The Metropolitan Police Commissioner Sir Bernard Hogan-Howe today conceded that the balance of the Mayor’s neighbourhood policing teams had “gone the wrong way” and is being reviewed, while Boris Johnson admitted that the local model needs to “be improved”. Following the restructure, Westminster has lost 435 Police Officers (27%) and 296 PCSOs (78%) while London has recorded the third lowest police visibility rate in the country.
The Mayor reorganised Safer Neighbourhood Teams a year ago, replacing the old ‘123’ structure (one Sergeant, two PCs and three PCSOs per ward) with a model in which each ward had just one dedicated PC and PCSO, with ‘flexible’ neighbourhood teams overseeing these wards.
At a meeting of the Police and Crime Committee today, after questioning from Joanne McCartney AM, the Commissioner stated that he believed there was a need for “more dedicated officers” in wards. The Deputy Mayor for Policing and Crime, Stephen Greenhalgh, also admitted that the Met’s contact points, which Boris promised would provide an “equivalent or better service” than police counters, were “not being well used”, and that a full review of the contact points will be conducted. Figures released this week showed that contact points dealt with just an average of 1.3 people per week.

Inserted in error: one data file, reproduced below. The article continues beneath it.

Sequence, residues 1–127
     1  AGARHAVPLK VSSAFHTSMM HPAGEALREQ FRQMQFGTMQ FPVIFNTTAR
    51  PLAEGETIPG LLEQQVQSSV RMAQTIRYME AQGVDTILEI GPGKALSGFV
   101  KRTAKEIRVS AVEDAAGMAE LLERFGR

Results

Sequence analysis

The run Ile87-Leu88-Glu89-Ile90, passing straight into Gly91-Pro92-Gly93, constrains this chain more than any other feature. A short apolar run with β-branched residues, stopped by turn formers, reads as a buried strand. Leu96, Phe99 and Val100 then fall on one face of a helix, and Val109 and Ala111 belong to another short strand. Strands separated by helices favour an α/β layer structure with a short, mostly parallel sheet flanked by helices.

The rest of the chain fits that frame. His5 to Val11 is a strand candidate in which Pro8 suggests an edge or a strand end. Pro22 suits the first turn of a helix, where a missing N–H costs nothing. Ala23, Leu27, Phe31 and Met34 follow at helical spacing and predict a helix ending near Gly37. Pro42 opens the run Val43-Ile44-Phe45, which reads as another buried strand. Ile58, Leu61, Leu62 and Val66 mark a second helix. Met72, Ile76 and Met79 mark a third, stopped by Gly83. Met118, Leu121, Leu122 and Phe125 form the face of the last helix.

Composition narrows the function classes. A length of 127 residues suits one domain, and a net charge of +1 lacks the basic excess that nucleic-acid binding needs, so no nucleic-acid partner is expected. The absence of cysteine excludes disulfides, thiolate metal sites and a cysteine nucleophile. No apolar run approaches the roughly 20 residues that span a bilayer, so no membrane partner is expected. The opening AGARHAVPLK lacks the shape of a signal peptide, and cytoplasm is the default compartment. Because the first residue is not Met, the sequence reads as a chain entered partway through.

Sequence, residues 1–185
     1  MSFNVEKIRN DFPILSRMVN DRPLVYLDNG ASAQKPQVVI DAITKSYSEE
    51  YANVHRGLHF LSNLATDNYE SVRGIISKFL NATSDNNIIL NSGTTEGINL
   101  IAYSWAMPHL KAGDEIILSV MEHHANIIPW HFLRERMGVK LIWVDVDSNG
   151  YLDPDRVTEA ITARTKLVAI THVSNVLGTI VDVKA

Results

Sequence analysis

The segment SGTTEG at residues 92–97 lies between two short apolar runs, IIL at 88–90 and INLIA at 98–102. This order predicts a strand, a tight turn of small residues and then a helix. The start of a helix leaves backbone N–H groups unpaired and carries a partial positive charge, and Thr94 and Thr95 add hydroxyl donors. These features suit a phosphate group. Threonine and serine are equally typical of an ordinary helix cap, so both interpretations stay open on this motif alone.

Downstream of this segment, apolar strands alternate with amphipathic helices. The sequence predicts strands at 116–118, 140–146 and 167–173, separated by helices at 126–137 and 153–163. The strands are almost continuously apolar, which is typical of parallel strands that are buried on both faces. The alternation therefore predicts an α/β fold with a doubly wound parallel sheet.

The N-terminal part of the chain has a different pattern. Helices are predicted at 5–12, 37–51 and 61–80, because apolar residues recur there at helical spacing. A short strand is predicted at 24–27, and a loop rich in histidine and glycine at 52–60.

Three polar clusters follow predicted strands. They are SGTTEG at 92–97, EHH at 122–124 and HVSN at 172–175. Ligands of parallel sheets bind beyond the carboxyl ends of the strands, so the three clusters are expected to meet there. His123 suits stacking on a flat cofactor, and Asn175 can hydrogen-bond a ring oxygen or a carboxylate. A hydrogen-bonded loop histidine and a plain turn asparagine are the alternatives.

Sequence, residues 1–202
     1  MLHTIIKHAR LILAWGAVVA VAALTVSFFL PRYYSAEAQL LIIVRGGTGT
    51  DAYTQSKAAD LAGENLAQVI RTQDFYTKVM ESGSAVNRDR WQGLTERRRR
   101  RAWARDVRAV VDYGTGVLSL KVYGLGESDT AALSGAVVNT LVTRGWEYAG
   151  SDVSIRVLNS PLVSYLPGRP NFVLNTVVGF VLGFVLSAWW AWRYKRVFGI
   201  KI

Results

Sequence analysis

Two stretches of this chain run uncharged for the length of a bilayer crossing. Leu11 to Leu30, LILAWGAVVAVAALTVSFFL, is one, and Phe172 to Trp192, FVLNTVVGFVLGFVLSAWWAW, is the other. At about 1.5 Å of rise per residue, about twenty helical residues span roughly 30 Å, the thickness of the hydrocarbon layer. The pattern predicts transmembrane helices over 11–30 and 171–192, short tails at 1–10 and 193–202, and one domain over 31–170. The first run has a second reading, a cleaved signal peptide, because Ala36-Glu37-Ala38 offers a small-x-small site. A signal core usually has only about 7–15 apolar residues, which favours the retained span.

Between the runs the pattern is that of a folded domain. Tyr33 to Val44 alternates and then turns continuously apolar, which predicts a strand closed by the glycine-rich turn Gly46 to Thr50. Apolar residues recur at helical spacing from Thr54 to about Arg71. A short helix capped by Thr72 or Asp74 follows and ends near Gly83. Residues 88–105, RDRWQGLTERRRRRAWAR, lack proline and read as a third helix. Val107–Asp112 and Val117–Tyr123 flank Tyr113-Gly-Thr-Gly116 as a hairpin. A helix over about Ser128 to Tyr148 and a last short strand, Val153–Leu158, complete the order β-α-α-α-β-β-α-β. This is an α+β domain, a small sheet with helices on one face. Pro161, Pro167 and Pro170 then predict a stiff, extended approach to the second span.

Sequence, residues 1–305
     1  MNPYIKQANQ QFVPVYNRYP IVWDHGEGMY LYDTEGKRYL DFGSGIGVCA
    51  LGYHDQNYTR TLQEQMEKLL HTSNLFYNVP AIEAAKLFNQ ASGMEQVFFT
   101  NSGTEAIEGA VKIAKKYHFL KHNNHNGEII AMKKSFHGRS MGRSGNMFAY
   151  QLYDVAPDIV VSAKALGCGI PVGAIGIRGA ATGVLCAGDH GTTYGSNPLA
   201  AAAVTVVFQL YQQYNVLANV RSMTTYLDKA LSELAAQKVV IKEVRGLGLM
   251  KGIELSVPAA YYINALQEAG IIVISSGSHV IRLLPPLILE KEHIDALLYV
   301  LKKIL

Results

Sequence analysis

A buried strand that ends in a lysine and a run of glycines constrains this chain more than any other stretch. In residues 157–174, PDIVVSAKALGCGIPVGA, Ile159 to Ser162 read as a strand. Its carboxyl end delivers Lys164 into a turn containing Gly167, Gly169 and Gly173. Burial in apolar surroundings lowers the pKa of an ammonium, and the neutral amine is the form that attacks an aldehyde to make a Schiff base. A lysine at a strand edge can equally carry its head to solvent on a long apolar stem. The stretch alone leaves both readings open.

Commenting on the session, Murad Qureshi AM, said:
“I have long been calling for the Mayor to come clean and admit that his cuts to neighbourhood police teams have resulted in less visible police in our local communities. While this admission is welcome, we now need to get on and put a plan in place to reinstate dedicated officers to our neighbourhoods.
“I am also pleased it was recognised that contact points are not providing an acceptable service for Londoners. Since 2010 we have seen a reduction of nearly 5,000 uniformed officers across the capital, coupled with the withdrawal of dedicated officers from local neighbourhoods. A rethink is clearly needed.”
- Murad Qureshi AM is a Labour London wide Assembly Member.
- The MPS has the third lowest proportion of officers that are deemed ‘visible’ in England and Wales 2013-14, at 52%. (Value for Money Profiles, HMIC, November 2013, p 43).
- A webcast of yesterday’s session can be viewed online here.